Some of them I left intentionally vague to allow me to focus more on one area than another on any given day. And I purposely set the bar low in each area because I wanted to make sure I could actually achieve each of these things every day. The point was not to excel in any one area, it was to stay balanced. And you know what? It worked.

I actually finished my list four days in a row (Monday through Thursday). Most days I did more than I needed to on some of the items. I'm pretty sure I played more than one song on the piano every day, and I decided it was okay to go a little bit overboard as long as I did all ten things.

My goals sort of fell apart over the weekend, but I decided that was okay because life happens and I can't be perfect all the time. Overall, though, I was really impressed with myself. I liked having the structure. It was nice to be able to cross things off my list quickly and go on to the next thing.

This coming week I've decided to keep the list going, with only minor revisions. I finished the first draft of the second Jane Journals book (currently untitled) on Thursday, so that item will be changed to spending at least twenty minutes reading over what I've written and making notes or revisions.

I've also decided to add one item to the list, and it's an important one.

11. Write one email per day to connect with someone personally rather than en masse.

I love this blog and how it helps me stay connected to friends and family all over. But between blogging and social media, I feel like I mostly connect with people in the aggregate. I post updates that are for everyone, not for one person specifically. I miss that one-to-one ratio. Jesus taught large multitudes sometimes, but he also connected with people on an individual level. I know that He knows each of us individually and wants to maintain a personal relationship with each of us.

As clever or open or vulnerable as I think I'm being on my blog or social media, it can never be as real and personal as a conversation with a single other human being. That being said, a lot of my close friends live far away. I miss them, but I'm terrible about keeping in touch (hence the need for a blog). Since I can't physically spend time with all of these people, I've decided to compromise a little bit. I could've made a goal to call one person each day and connect that way, but I have a phone phobia. I think I mentioned it in this post. At some point, I'll probably have to get over my phobia, but I'm not ready to tackle that goal just yet.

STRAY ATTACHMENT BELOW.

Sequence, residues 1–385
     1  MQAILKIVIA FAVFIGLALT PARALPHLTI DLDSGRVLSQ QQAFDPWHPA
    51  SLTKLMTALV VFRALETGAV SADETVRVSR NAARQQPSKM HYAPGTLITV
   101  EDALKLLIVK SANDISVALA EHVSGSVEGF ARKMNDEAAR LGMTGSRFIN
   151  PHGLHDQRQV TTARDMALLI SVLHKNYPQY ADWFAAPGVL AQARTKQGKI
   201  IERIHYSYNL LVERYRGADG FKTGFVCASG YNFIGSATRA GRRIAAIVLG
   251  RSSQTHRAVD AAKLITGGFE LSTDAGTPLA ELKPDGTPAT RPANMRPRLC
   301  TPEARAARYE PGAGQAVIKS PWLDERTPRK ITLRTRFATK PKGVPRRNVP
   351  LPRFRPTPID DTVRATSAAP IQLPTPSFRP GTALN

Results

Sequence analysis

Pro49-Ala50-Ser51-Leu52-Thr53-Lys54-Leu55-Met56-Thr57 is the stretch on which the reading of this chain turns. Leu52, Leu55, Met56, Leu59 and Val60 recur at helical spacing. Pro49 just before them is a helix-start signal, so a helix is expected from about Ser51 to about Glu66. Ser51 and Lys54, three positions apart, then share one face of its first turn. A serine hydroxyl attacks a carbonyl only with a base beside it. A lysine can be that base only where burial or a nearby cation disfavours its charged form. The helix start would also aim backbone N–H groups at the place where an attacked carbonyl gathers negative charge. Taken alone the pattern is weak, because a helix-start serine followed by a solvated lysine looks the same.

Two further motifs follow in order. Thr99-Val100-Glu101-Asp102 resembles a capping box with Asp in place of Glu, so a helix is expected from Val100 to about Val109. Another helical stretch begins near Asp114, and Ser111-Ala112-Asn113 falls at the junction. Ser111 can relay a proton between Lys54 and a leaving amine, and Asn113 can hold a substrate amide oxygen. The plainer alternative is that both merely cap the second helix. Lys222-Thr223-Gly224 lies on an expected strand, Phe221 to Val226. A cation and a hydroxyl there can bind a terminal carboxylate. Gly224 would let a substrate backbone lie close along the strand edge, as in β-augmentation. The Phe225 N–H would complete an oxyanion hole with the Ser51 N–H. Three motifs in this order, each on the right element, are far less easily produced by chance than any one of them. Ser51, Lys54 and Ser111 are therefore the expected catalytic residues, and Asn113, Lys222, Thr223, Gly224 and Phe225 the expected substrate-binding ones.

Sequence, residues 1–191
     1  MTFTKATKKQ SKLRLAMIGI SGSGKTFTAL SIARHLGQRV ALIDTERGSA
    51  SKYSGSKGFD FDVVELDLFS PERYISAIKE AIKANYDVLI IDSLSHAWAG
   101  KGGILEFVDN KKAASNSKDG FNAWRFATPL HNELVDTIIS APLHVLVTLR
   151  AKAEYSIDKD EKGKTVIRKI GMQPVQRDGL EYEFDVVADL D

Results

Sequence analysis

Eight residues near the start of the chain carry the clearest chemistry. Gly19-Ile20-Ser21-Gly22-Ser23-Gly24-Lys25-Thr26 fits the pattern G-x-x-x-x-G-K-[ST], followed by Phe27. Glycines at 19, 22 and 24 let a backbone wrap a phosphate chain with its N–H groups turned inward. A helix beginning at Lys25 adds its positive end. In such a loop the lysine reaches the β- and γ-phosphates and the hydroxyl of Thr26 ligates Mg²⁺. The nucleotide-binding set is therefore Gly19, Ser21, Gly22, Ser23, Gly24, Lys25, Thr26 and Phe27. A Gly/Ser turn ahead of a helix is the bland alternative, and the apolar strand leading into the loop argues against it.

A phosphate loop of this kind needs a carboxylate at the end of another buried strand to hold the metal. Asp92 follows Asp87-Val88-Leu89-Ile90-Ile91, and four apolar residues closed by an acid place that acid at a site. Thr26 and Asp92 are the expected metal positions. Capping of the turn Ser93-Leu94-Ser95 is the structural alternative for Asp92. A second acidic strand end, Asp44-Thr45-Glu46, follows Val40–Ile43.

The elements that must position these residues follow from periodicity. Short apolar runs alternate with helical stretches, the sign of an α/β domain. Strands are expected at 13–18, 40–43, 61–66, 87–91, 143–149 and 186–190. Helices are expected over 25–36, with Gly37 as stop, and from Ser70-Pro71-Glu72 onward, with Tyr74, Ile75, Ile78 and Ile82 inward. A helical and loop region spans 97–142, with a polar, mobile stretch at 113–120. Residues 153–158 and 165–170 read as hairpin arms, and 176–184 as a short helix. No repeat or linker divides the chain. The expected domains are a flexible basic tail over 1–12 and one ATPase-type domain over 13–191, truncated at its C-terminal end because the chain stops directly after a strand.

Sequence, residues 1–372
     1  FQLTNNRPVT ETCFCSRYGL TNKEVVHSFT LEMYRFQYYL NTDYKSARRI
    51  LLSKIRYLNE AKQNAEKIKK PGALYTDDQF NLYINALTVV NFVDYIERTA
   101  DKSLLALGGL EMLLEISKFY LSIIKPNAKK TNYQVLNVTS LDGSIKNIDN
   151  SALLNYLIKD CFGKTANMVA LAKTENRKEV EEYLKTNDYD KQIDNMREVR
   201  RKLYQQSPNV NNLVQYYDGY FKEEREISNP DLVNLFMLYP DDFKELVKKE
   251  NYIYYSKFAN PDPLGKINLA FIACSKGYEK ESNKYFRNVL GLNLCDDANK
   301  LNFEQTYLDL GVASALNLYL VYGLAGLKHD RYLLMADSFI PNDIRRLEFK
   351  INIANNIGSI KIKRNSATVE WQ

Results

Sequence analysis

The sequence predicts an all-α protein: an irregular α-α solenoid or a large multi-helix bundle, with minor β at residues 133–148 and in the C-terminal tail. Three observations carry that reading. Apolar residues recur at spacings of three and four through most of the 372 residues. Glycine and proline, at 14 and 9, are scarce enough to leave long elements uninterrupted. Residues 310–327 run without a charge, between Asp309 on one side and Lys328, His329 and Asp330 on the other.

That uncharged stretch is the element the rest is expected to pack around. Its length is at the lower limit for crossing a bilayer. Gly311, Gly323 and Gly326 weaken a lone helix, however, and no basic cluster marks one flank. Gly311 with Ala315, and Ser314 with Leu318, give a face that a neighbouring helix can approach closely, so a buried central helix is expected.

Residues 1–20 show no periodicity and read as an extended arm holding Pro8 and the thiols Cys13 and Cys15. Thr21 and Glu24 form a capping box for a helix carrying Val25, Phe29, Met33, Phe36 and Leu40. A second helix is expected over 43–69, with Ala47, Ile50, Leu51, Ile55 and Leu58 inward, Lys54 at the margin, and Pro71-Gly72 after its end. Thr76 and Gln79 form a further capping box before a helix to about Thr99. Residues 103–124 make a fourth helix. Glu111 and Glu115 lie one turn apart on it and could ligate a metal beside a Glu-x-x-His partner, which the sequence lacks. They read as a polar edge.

Instead I decided that an email was less daunting than a phone call but would still give me that one-to-one connection that I've been craving. I thought about texting, but that didn't seem long enough to really connect. And I thought about writing a physical letter, but I knew I'd get hung up on tracking down addresses and the logistics of envelopes and stamps. There are still people I want to send Christmas cards to, I just haven't gotten around to it. And seeing as how it's nearly October . . . yeah. Mailing physical letters is a great idea, but I think it would throw me off balance.

Emails on the other hand, are achievable. I already spend a good portion of my day writing emails. Well, one email actually. Every week at work for nearly my entire professional life, I've started a new email on Monday that I send to myself at the end of the week. It's my version of journaling while I'm at the office. Sometimes they're short; sometimes they're long, depending on how much downtime I have that week. But they're my way of processing what's going on around me and what I want to accomplish during the day or week.

So this week in addition to my email to myself, I plan to email other people too. At least one person each day. I started with my sister Ali today. She's on a mission in the Netherlands, and I'm always forgetting to write her until I see her email in my inbox on Monday mornings.

Sorry this post is so long. I just wanted to warn you guys in case you happen to see a random email from me this week or in case I message you on facebook and ask for your email address. I know I still need to work on in-person connections with people, but for now I think emailing is an achievable balanced way to start. I'll let you know how it goes.

Happy Sunday! And good luck in your own attempts to find balance!

Saturday, September 12, 2015

Do you have any author-type events coming up?

So. Many.

Right now I live in constant fear that I won't remember all my author events. I really need to do a better job of putting stuff in my calendar or writing it down or something. Actually, that's what I'm doing in this post.

This is my attempt to tell you all about my plans for the next few weekends and tell myself at the same time, so that I won't forget to follow through.

And, here goes . . .

Next Saturday 9/19 - 1–4 pm - Authorpalooza! 

This is going to be amazing. So far I know of four other awesome author friends who are going to be there, and I'm sure there will be others too! I'm super excited!! In case you don't know, authorpalooza is an event with tons of local authors so you can come to one place and meet all your faves at the same time. It's so cool. I've been a few times as a fan, so I'm basically giddy over the fact that I now get to go sit on the other side of the table.

You can find out more about the event here:

Saturday 9/26 - 9–11 am - Brickyard Seagull in Salt Lake City

Come say hi at Celebrating Sisterhood at the Brickyard Seagull. I'll be there from 9 to 11 am signing books and hanging out. Plus apparently you can enter to win prizes and there are special deals during that time. All good things.

Then later that day it's . . .

COMIC CON!!!!!!!!!!!!

Saturday 9/26 - 2-5 pm - Salt Palace in Salt Lake City